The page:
I recently adopted a 1-year-old pooch that I’m calling Bo. I can’t use the word “rescue,” because this dog was clearly well loved and has a lot of the basics worked out, but he’s a LOT of dog! My main challenge right now is that I want him to come to me on command, every time. He’s good for the most part, but when distracted by another dog, or squirrel or rabbit, he makes his own rules. His favorite thing is playing fetch at the beach; he loves to swim, and it tires him out. I will have plenty more questions for you as I get to know this goofball, but first is first.
Congratulations on your new family member, and thank you for being an adopter. And you’re absolutely right about “first is first.” Coming when called, or the recall, is absolutely critical for the off-leash dog, and it starts in the home, because the best way to condition a dog is by having success build on success. Dogs are cognizant that they are a captive audience indoors, and that there’s not a thing you can do to make them come — or catch them — when they’re outdoors, off-leash. Until trained off-leash, indoors, the recall response is a salute, outdoors; it’s the finger. So, 15 to 20 times a day, when Bo doesn’t expect it, call him to come. Consistency is important. If the words are “Bo come,” you don’t want to be saying “Here puppy” the next time you call him. Also, don’t repeat the commands. If you keep repeating the command and he’s ignoring you until you’re screaming it, he’s getting conditioned to play “No speaka English” until you’re really angry. When you call him, start praising him the moment he starts heading your way, it’ll keep him coming. The first four or five times he comes, he gets a treat the moment he arrives. After that he gets the treat intermittently, that being a strong way to condition. The attitude becomes, “Maybe there’s a treat; I better go check it out.” If he’s the type of guy who acts deaf when you call him in the house, walk by him and give him a quick pet with a hand that has a treat in it and keep walking. Then call him, because his nose will have told him about the treat, making him more likely to cooperate. If he still plays deaf, let him drag a line, and coax him to come using the leash, giving him the treat upon arrival. He needs to understand that when you call him to come it’s not a suggestion. When his recall indoors is close to perfect, take it outside, ideally in a fenced-in area with him dragging a long line (attached to a harness). This is the time to ratchet up from dog treats to people food treats. If the only time on Planet Earth he gets people food is when he comes when called off-leash outside, the cooperation index rises substantially. A great conditioning game is for two 2-leggeds standing far apart to call Bo to come, earning that piece of chicken every time he arrives. Consistently practicing recalls with dog treats indoors leading to same with people food outdoors will result in great teamwork. However, in my opinion, the outdoor, off-leash recall is not complete without a “leave it” command. With a great recall, many dogs will ignore distractions when called, but depending on the intensity of the distraction, most will not. The food slut or high-prey-drive dog is unlikely to ignore the dropped hot dog on the ground or the squirrel running past. When hearing “leave it,” Bo must disregard the hot dog and squirrel and instead come as called — and that’s another lesson.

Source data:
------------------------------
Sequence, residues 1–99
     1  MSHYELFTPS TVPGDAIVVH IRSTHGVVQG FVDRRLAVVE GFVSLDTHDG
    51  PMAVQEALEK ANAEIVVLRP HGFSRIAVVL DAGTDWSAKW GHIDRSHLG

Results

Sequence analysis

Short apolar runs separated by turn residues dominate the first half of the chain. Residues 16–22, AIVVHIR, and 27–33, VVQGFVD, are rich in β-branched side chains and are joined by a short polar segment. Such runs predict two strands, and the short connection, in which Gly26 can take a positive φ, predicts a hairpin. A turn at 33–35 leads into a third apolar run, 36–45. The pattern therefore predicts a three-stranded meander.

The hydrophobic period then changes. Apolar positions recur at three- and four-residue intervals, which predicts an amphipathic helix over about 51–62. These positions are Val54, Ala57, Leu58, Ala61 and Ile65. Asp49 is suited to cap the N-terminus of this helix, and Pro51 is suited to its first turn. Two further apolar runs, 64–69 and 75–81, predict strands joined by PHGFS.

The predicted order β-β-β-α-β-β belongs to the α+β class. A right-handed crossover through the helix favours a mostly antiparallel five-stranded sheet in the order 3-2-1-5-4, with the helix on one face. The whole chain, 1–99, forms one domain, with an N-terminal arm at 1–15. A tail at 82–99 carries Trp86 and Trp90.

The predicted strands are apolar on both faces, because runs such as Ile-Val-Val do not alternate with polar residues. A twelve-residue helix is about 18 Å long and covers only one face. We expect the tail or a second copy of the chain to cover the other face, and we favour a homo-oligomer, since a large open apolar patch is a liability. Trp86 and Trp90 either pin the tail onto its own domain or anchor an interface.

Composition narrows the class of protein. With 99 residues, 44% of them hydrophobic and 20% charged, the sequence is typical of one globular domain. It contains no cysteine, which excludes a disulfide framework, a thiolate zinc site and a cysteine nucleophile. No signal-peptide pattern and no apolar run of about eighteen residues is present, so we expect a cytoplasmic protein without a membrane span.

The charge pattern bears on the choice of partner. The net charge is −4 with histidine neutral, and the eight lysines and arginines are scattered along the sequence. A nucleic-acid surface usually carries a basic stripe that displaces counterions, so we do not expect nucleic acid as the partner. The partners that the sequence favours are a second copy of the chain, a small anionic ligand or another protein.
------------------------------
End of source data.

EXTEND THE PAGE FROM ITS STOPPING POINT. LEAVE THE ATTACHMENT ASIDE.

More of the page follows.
Good luck, and once again, congrats!
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